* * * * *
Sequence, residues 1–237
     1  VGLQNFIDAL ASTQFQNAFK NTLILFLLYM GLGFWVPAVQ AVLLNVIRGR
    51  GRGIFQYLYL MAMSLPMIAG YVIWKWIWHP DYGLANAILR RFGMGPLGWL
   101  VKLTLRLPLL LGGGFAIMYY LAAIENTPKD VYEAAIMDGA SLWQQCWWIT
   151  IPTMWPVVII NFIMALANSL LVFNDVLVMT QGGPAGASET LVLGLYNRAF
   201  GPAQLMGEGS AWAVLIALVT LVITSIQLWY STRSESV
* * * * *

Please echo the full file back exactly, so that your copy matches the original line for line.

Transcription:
Sequence, residues 1–237
     1  VGLQNFIDAL ASTQFQNAFK NTLILFLLYM GLGFWVPAVQ AVLLNVIRGR
    51  GRGIFQYLYL MAMSLPMIAG YVIWKWIWHP DYGLANAILR RFGMGPLGWL
   101  VKLTLRLPLL LGGGFAIMYY LAAIENTPKD VYEAAIMDGA SLWQQCWWIT
   151  IPTMWPVVII NFIMALANSL LVFNDVLVMT QGGPAGASET LVLGLYNRAF
   201  GPAQLMGEGS AWAVLIALVT LVITSIQLWY STRSESV